Sighting in on Bluegills
By: Tim Allard
Shake off winter and focus on these oversized sunfish come spring
Many of us got hooked on fishing because of sunfish, and the start of the open-water season is the perfect time to rekindle your relationship with them. I particularly like spring bluegill fishing. The fish concentrate in the shallows, and are aggressive and easy to catch. It's a great way to welcome the start of a new open-water season.
Spring to Summer Patterns As ice disappears and spring begins, bluegill wintering groups break up. This is complete when water temperatures reach 50°F. Spawning takes place from late spring to midsummer, peaking in early July, but may extend into August. Male bluegills are the first to inhabit shallow spawning areas, followed shortly afterwards by females. Males stake out their territories and build saucer-like nests, fanning away silt to unveil a sand or gravel bottom. Males guard nests before and after spawning for one to two weeks.
Top Spring Spots Shallow bays and sheltered shorelines are productive spring bluegill zones.
The fish relate to a variety of habitats. Sandy bays and shorelines, as they warm quickly under the spring sun, attract fish. Aquatic vegetation always draws bluegills, too. Typical haunts include sparse growth among sand flats or inside weed edges. Sunken timber is also a bluegill haven before weed growth peaks.
Wood, combined with sand or gravel, is a magnet to spring bluegills. Laydowns and brush piles provide fish with overhead protection from predators.
Last year in early May, a friend and I worked a shoreline on one of the Rideau Lakes and picked off dozens of wood-relating bluegills in two to four feet of water. We also found plenty of fish holding near canal locks and under docks.
Sight Fishing Stealth
Sight-fishing bluegills is particularly effective, but demands a quiet approach. These fish are savvy. Their underwater street-smarts are honed by avoiding hungry largemouth bass and birds of prey. Stealth is a must when working the shallows.
Calm conditions are best. On windy days, move to sheltered bays and shorelines.
Take a slow-and-steady approach, inching your way along with an electric motor. Look for bluegill silhouettes near sunken trees, brush, inside weed edges, mixed sand and weed spots, or bare sand and gravel zones.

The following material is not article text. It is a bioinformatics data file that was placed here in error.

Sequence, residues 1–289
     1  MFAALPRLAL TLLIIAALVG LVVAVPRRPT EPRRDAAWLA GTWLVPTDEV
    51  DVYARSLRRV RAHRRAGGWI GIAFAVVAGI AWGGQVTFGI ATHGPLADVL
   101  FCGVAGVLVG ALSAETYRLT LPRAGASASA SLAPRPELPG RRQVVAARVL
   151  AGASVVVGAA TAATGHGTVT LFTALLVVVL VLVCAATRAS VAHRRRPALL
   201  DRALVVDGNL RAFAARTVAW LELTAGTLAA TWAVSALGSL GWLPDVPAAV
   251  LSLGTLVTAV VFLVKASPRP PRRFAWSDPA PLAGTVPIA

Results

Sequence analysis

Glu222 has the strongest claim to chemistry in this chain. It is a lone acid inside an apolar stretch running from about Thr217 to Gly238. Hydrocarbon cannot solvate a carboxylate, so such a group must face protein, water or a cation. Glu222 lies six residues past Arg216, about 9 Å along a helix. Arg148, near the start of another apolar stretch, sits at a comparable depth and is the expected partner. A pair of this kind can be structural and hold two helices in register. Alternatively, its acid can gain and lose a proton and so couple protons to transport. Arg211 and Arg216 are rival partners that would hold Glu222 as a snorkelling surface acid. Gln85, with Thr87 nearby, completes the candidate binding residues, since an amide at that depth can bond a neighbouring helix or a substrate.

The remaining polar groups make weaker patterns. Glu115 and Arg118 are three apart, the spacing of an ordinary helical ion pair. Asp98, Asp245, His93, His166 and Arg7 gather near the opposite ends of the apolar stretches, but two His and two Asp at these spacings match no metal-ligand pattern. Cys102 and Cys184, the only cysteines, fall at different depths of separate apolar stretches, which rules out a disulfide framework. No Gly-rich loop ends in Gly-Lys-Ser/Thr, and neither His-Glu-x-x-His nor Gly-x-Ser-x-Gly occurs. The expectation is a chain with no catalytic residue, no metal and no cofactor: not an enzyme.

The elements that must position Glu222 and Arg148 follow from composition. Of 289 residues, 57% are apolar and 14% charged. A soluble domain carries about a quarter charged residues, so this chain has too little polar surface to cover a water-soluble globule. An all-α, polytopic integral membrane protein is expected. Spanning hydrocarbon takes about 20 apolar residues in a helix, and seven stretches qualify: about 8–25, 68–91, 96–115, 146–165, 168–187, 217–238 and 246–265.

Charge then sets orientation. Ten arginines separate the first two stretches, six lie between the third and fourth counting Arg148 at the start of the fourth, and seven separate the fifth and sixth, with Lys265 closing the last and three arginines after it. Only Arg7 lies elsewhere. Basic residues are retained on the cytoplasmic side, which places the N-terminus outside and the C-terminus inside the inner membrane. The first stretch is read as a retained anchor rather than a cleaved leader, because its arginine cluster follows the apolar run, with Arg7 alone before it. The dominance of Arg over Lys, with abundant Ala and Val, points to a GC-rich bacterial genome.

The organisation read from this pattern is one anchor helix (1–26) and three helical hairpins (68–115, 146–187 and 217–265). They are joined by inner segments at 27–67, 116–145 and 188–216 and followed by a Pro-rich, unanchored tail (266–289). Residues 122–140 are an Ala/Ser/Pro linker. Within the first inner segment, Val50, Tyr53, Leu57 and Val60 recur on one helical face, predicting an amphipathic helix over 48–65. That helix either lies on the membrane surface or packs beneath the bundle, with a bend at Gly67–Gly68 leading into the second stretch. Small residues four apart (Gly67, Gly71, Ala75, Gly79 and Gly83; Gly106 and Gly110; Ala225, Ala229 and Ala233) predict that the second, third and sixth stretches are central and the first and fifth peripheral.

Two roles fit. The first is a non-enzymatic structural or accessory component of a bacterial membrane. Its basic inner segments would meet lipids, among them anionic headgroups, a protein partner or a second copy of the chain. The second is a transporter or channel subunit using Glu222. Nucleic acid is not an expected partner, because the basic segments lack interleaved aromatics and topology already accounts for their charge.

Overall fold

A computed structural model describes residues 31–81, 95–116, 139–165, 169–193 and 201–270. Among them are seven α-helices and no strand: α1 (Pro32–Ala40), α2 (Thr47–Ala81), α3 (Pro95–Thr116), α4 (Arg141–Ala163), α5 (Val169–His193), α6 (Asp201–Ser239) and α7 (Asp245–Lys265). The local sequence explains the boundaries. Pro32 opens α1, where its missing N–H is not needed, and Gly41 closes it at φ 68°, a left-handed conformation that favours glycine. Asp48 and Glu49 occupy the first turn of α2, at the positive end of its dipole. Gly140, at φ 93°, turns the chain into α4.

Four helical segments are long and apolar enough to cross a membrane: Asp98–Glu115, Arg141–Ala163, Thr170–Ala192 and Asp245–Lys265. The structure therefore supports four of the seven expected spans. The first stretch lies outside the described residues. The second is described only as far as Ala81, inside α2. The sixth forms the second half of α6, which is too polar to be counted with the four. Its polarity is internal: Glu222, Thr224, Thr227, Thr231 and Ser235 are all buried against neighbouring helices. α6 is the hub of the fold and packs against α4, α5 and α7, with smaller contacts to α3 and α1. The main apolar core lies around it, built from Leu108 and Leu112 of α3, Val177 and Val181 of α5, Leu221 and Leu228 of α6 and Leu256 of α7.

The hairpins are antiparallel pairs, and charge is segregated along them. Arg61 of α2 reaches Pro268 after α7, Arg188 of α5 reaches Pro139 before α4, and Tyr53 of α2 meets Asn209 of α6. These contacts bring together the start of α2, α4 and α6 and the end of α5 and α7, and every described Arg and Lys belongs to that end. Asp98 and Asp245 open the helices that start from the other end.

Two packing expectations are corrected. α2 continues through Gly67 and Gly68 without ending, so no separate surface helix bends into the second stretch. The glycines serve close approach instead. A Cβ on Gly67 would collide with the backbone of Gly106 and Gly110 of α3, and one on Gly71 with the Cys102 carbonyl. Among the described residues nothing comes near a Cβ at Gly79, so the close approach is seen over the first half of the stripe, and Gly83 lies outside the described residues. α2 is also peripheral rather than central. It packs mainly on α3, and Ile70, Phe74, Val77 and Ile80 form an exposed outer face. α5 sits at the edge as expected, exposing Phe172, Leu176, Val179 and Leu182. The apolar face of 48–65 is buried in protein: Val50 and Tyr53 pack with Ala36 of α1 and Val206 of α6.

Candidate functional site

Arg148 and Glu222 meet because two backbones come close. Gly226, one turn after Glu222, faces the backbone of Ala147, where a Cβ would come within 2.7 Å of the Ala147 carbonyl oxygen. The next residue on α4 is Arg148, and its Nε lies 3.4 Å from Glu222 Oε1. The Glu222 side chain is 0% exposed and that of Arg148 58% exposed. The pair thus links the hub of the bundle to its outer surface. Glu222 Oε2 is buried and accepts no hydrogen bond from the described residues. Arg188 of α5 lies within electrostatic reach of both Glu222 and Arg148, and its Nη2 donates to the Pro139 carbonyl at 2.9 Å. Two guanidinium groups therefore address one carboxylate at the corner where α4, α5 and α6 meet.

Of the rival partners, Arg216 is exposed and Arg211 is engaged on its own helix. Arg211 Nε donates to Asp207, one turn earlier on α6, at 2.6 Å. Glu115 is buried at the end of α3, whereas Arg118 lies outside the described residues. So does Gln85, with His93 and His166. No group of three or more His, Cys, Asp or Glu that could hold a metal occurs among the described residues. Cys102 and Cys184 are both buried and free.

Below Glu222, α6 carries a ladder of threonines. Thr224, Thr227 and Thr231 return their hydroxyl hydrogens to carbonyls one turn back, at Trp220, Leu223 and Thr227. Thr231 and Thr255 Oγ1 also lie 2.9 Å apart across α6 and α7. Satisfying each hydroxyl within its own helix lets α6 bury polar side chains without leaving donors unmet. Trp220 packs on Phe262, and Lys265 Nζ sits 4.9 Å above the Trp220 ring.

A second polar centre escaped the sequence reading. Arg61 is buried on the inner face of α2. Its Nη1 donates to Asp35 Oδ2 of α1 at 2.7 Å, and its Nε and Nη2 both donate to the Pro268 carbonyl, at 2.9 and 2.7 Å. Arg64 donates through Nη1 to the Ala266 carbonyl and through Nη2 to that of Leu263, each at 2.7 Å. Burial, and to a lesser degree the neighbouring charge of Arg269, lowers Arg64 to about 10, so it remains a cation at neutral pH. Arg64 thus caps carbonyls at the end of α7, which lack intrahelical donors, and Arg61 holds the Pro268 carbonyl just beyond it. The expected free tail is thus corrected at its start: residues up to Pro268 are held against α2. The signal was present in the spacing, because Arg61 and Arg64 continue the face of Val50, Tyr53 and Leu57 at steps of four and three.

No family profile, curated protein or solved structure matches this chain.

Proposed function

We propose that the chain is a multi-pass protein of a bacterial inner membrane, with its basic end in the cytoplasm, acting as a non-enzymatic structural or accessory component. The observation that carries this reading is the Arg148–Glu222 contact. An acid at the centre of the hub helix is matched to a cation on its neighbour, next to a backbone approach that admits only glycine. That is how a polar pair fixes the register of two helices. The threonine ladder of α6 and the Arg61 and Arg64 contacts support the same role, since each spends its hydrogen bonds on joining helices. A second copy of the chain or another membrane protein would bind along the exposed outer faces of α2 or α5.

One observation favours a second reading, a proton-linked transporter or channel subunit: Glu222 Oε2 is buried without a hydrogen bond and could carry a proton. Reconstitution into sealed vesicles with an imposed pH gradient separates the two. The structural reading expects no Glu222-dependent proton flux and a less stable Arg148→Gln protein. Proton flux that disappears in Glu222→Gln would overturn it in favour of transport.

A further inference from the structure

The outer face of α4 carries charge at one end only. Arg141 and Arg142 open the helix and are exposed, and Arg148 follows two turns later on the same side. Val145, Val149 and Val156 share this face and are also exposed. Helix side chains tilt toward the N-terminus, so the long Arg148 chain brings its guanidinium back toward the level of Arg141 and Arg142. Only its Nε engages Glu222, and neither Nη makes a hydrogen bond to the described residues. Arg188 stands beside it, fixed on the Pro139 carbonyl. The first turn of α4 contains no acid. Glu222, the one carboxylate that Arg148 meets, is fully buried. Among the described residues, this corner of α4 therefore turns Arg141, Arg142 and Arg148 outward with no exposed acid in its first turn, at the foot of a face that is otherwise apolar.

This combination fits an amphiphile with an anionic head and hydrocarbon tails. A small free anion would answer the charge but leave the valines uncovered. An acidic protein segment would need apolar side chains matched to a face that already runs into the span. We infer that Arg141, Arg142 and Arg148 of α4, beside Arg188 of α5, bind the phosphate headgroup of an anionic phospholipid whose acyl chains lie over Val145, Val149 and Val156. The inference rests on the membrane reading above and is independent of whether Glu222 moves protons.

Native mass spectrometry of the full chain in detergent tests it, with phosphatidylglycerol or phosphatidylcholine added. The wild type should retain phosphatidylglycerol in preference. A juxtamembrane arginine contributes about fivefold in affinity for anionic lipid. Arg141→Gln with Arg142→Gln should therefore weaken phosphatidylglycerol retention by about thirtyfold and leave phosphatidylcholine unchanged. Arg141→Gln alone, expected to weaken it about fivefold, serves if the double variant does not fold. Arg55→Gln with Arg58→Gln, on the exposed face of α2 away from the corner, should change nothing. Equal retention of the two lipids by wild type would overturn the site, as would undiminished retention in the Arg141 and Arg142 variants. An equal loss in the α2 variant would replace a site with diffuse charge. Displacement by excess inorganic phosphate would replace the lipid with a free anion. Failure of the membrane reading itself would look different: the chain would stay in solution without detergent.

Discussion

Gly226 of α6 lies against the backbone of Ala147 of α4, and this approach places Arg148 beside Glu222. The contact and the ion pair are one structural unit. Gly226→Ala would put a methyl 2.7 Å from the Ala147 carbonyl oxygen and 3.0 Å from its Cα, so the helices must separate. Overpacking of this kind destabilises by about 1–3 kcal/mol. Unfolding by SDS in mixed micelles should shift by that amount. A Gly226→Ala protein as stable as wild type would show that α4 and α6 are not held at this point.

Once you spot one bluegill, you’re almost guaranteed more will be around. The questions are, have you been quiet enough not to spook them and are they aggressive enough to bite?
As with any other skinny-water sight-fishing, cast your bait past your target and then work it into the strike zone. One important practice is feathering the line as it comes off the spool. Do this as the bait approaches the surface, to reduce the lure’s entry splash. A noisy touchdown often spooks bluegills, while a natural splatter gets their attention.
A Soft Touch
Working a small jig beneath a float is one of the best approaches for sight-fishing bluegills. This vertical presentation appeals to inactive and aggressive fish. Twitch and pause the float, so the jig hops and pauses. When out of the strike zone, reel in the float and jig and toss them to another promising spot.
Soft pastic baits and hair jigs both work on bluegills. Tubes, twister tails, and small shad bodies are great rigged on a 1⁄32- to 1⁄16-ounce jig heads.
Although soft baits catch plenty of fish, bluegills are hard on them. To prolong their life, add a dab of super glue to the hook collar when threading on the plastic. The glue holds the bait in place, delaying the tearing of the bait.
Tied jigs stand up to more panfish abuse and are just as deadly. The filaments of hair, feather, and tinsel jigs flare seductively and wave in a dance that often triggers hits. The material also holds fish scent well. When bluegills are aggressive and willing to chase lures, baits with a horizontal trajectory let you cover water and catch more fish. Jigs featuring spinner blades, like Northland’s Thumper Crappie Jig or Blakemore’s Road Runner, are good shallow-water options. Work these lures on a stop-and-go or yo-yo retrieve.
Small floating crankbaits with tiny hooks are also deadly. Bluegills often slurp meals off the surface. Letting cranks float or working them just under the surface will trigger strikes.
Fish bluegills with light to ultra-light spinning rods. A fast tip lets you cast light baits farther with accuracy. Four pound-test abrasion-resitant monofilament is my preference.
Fishing regulations allow you to angle all sunfish during their spawn in most areas. Whether you fish them in spring pre-spawn or during or after the spawn is an individual choice. Keep in mind, though, that plucking males away from nests exposes fry to predation while Dad’s away so give fish a break during this time. If keeping fish - and bluegills are delicious – practice selective harvest and release the largest ones. Not all sunfish are genetically predisposed to reach bragging-size proportions, so releasing the lunkers helps keep the bigfish lineage in the gene pool.
Issue: Fishing Annual (March 2009)
Photos by Tim Allard